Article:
Originally posted by burdman30ott6
Originally posted by Amaterasu
First, virtually all creatures can inbreed for generations before abnormalities spring up. All except humans. Why would it be that evolution awkwardly constructed one species to have the highest awareness (by far!) than any other and yet have such restrictions in inbreeding, with good probability of issues in the first generation, and high odds in the second?
I am going to have to spend some time digesting the entire post, and I hate to pluck a single paragraph from it for a comment, but I need to do it here. If all life were equal in measures of finite details, then what you are saying here would have merit. However, this isn't the case in any way. A dog, for example, can potentially be the canine equivalent of retarded and yet few people would notice it. The dog would be considered stubborn, hard headed, or just plain goofy... but then again, how many of us haven't seen a dog that fits these descriptions?
Humanity is very different. Developmental milestones have been set by so-called "experts" and if a child doesn't hit them, they are quickly considered as having some form of defect. Humans are essentially the only creatures on Earth who can have this applied to them. While animals can inbreed and appear to produce "normal" offspring, with humans even a tiny glitch in the system is quickly observable... be it a retardation, minor physical defect, or other developmental issue. I think Hollywood has largely contributed to this falacy that one generation of inbreeding humans will magically produce The Hills Have Eyes mutants with humpbacks, stubb arms, and 5 lb tongues. It is only because of how fine our motor skills and appearance is on average that the minor defects seen within that single generation of shared genetics are so noticable.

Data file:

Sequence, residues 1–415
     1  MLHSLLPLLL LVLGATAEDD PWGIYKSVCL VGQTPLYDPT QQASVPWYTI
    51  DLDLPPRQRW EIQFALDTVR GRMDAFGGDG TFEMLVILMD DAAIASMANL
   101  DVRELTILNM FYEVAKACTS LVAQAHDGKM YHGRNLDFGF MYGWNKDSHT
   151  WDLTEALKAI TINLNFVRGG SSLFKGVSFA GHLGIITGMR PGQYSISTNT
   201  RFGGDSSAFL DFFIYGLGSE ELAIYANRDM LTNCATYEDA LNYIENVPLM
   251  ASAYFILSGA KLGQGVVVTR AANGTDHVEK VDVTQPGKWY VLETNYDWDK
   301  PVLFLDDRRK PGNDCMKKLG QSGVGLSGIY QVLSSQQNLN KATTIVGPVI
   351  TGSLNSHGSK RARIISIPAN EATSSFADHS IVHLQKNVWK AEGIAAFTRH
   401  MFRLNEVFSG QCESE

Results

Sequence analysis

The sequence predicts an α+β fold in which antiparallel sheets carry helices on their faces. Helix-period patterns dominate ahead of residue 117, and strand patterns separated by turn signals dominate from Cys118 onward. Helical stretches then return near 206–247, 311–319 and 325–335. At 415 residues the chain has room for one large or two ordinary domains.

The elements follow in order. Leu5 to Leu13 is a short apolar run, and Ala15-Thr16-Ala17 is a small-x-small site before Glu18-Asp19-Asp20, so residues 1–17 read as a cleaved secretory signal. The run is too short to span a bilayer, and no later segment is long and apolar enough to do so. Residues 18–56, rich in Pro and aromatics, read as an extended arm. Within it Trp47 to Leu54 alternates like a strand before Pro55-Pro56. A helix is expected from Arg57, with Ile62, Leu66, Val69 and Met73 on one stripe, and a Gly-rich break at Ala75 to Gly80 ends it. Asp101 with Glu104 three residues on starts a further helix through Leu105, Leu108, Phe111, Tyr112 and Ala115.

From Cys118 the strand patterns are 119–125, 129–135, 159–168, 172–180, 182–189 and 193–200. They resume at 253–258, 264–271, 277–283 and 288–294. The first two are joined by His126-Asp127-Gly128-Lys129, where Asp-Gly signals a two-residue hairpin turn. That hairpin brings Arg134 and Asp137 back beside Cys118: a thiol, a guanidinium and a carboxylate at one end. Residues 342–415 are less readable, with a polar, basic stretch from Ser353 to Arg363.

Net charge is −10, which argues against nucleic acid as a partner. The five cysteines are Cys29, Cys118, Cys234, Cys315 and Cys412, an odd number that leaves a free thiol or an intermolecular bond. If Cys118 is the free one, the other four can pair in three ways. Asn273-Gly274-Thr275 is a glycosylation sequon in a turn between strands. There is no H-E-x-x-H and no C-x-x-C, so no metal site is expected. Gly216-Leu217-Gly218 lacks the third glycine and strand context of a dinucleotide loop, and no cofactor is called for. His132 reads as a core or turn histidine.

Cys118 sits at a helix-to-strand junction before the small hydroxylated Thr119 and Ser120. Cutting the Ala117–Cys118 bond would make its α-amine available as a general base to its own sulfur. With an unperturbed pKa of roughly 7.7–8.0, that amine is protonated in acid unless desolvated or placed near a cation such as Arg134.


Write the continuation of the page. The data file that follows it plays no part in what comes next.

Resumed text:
I want to point out that it takes many generations for physical deformities to appear in animals such as dogs. I’m not speaking merely of mental capacity. In humans, the physical manifestations are warped in relatively high percentages in as little as two generations, with higher percentages manifesting with each successive generation. Hundreds of generations have led to hip issues in certain breeds of dogs, for example, though many breeds still have no issues after an equal number of generations.
Humans alone manifest such issues in small numbers of generations.